This thesis investigates the political implications of the declaration of the “refugee crisis”. By means of a Critical Discourse Analysis, this thesis aims to analyze how a specific articulation of the issue of migration – as crisis – makes certain forms of politics possible, while it renders others impossible. By focusing on three dimensions of the “refugee crisis”, it shows how EU migration politics are centered around an idea of immigration as a “crisis”. First, the EU strategically presents the “refugee crisis” as an external problem, which paves the way for its policy of externalization. Second, and following from the latter, the EU heavily invests in securitizing its external borders. Third, this thesis shows how the aforementioned “exclusionary” dimensions are always accompanied by an underlying capitalist interest, whereby migrants and refugees form a reserve army of cheap labor power (“inclusion”). As such, the working classes are structurally fragmented by borders, thereby averting international solidarity among workers. It concludes with the observation that “crisis” has become the durable norm.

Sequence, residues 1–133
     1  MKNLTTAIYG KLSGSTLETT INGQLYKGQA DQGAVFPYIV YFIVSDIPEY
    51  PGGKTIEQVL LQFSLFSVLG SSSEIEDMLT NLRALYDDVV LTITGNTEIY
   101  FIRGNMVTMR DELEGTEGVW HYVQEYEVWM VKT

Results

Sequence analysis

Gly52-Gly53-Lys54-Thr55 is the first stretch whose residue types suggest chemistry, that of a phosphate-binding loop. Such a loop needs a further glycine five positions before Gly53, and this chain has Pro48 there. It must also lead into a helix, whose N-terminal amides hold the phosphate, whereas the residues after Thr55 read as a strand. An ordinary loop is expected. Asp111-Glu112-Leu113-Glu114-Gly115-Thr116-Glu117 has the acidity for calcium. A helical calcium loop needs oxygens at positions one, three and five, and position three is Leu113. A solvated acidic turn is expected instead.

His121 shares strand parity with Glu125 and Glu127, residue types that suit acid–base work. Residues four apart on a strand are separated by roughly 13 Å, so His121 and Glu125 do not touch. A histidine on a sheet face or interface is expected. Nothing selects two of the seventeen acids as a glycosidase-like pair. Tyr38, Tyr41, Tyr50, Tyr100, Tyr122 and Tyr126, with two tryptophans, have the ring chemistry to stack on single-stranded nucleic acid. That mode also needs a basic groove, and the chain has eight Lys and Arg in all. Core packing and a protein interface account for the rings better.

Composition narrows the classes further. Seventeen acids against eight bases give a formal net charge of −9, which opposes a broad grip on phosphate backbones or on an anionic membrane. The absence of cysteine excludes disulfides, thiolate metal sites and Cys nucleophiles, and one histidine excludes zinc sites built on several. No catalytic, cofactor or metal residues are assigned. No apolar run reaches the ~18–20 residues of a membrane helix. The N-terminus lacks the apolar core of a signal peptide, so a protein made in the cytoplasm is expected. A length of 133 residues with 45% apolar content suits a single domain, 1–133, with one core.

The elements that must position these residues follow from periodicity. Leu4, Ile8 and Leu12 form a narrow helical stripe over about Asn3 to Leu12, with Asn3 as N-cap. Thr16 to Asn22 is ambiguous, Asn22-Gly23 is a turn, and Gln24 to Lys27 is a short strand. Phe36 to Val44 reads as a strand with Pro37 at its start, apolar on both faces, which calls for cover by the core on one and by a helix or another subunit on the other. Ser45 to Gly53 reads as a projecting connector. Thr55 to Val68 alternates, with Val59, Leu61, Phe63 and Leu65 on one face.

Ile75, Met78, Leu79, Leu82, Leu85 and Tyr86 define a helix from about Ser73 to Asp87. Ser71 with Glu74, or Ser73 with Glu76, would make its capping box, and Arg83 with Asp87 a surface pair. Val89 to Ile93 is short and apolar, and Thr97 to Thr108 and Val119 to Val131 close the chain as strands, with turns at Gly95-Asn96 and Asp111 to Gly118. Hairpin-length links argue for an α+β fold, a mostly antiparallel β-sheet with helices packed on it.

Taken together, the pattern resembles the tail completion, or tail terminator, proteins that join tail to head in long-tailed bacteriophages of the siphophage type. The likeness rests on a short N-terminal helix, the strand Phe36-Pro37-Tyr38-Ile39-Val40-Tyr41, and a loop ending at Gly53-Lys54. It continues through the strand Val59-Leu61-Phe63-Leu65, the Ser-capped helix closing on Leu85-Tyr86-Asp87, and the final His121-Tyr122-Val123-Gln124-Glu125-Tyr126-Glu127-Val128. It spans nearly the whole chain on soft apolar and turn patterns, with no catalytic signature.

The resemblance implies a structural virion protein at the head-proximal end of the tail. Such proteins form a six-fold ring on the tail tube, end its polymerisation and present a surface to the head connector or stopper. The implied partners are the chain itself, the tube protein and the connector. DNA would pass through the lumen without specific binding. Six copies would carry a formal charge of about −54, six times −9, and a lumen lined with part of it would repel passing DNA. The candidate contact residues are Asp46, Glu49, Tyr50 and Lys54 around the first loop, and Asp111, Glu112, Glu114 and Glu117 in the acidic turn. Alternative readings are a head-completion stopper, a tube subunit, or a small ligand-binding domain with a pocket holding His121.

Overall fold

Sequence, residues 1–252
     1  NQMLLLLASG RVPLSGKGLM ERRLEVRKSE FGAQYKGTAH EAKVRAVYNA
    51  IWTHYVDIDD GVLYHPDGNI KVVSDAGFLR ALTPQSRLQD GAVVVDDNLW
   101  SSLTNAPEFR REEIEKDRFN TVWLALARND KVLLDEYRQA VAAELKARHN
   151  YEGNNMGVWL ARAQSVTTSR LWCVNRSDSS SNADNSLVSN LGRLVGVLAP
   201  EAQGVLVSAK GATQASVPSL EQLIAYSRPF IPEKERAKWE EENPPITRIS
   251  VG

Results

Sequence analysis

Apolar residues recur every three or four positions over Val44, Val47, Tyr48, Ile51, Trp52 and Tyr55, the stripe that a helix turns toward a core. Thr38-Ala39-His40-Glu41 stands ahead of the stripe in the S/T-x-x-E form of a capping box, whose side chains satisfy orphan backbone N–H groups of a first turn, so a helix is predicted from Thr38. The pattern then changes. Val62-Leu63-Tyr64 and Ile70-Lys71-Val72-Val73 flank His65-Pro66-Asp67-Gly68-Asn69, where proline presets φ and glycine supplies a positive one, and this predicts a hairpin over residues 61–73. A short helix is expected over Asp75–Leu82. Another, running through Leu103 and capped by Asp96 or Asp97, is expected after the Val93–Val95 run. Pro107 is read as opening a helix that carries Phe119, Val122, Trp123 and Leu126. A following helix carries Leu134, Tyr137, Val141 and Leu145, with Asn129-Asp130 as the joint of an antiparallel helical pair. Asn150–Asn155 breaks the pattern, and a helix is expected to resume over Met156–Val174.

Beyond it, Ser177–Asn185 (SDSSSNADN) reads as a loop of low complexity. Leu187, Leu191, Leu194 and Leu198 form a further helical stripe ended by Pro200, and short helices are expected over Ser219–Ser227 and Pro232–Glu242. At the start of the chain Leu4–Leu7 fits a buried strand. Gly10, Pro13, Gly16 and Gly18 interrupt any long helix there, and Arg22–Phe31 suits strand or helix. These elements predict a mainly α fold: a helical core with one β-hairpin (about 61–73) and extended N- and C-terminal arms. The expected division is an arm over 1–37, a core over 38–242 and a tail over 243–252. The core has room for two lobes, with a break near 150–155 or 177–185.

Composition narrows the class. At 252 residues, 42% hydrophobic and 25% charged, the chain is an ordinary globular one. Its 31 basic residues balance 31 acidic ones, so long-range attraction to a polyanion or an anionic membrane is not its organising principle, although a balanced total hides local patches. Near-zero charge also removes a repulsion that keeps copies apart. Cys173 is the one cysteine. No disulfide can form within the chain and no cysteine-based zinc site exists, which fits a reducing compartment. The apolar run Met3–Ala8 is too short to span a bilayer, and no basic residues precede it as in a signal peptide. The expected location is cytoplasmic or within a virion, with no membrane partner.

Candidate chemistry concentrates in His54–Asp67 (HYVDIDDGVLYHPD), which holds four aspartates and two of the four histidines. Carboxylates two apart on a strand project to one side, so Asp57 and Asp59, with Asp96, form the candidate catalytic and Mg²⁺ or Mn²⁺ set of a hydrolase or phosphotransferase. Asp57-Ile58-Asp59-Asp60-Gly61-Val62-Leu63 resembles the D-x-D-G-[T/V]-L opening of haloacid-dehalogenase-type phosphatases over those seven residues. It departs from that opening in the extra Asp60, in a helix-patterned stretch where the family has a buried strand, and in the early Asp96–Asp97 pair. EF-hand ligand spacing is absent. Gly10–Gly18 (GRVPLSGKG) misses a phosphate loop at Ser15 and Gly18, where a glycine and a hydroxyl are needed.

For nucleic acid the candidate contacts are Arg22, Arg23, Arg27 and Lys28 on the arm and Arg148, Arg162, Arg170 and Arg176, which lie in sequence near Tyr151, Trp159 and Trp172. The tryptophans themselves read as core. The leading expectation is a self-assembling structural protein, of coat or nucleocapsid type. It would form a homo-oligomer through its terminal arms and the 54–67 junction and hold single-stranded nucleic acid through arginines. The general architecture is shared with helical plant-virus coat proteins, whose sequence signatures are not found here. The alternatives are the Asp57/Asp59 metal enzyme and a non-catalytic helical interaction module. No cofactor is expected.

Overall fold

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Willem Schinkel, Bonnie French
Erasmus School of Social and Behavioural Sciences

Ike, N. (2021, June 20). The EU's Obsession with Crisis: On the Politics of the "Refugee Crisis". Sociology. Retrieved from